Scroll down for a solution to this problem.
This is easy if you know this standard way to construct the tangents from an external point to a circle: Suppose the external point P is the intersection of the green sides of the cyclic quadrilateral. Then, to find the points of tangency, one takes any two lines through P intersecting the circle in four points (take say the two green lines!), find the intersection points of the diagonals and the other sides (the orange and purple lines), form the red line connecting them, and then intersect the red line with the circle to find the desired points of tangency.
The easiest way I know to show that the construction works is one that requires knowing just a little bit of projective geometry. There will be a projective transformation that sends the circle into itself but moves the intersection of the orange diagonals to the center O of the circle. Then the new green lines must be parallel, the new purple lines must be parallel to each other but perpendicular to the green lines, the red line will be a diameter halfway between the two purple lines, and the tangents from P (now at infinity) to the circle will be parallel to the green lines and touch the circle where the red diameter intersects it.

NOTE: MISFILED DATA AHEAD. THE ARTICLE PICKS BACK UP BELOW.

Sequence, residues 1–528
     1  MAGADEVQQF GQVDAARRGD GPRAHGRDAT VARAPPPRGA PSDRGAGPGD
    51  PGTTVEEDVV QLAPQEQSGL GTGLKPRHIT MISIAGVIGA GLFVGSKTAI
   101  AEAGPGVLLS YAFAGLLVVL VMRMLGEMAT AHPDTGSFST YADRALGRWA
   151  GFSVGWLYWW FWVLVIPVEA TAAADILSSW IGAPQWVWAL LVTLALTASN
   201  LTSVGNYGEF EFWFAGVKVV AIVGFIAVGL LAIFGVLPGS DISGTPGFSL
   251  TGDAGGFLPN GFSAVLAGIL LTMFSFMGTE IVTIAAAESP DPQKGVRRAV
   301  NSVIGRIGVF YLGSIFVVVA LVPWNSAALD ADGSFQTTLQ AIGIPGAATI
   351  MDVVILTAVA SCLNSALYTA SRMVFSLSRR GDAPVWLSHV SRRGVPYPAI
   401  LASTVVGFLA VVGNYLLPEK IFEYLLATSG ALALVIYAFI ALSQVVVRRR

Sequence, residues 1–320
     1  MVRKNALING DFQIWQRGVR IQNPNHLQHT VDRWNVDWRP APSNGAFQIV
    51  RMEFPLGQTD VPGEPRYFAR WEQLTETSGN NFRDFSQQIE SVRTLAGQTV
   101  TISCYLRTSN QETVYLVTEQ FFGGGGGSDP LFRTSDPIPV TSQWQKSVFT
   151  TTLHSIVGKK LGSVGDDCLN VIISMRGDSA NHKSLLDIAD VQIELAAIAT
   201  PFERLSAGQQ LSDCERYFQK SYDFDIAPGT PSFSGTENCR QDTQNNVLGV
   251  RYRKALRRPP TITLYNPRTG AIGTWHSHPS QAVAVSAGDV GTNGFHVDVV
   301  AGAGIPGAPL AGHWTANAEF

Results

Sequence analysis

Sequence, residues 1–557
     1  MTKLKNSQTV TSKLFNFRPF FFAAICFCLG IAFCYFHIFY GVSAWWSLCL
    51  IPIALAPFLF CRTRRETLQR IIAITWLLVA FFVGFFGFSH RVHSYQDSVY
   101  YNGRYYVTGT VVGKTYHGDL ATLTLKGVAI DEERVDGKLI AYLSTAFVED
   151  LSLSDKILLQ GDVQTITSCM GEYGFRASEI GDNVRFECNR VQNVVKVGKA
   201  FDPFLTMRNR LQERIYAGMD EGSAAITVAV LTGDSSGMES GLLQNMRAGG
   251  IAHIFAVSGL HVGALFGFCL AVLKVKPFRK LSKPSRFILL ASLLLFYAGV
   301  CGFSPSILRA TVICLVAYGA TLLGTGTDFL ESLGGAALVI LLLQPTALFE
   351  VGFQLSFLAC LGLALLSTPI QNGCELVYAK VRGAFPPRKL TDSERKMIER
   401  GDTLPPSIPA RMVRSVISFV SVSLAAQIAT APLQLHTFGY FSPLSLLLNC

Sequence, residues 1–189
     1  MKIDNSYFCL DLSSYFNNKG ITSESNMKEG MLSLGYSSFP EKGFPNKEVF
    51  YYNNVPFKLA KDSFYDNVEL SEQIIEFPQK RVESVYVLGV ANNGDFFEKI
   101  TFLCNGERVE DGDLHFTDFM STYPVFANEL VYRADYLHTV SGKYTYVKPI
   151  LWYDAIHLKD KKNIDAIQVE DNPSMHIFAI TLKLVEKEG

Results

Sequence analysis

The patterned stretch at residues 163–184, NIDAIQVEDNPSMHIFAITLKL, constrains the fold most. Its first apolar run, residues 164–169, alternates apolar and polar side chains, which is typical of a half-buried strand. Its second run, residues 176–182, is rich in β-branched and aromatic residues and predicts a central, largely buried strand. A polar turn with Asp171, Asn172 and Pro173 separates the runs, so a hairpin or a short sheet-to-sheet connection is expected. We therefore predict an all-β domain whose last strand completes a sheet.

We urge the reader to come up in the comments with a solution that does not use polars but is purely Euclidean or trigonometric.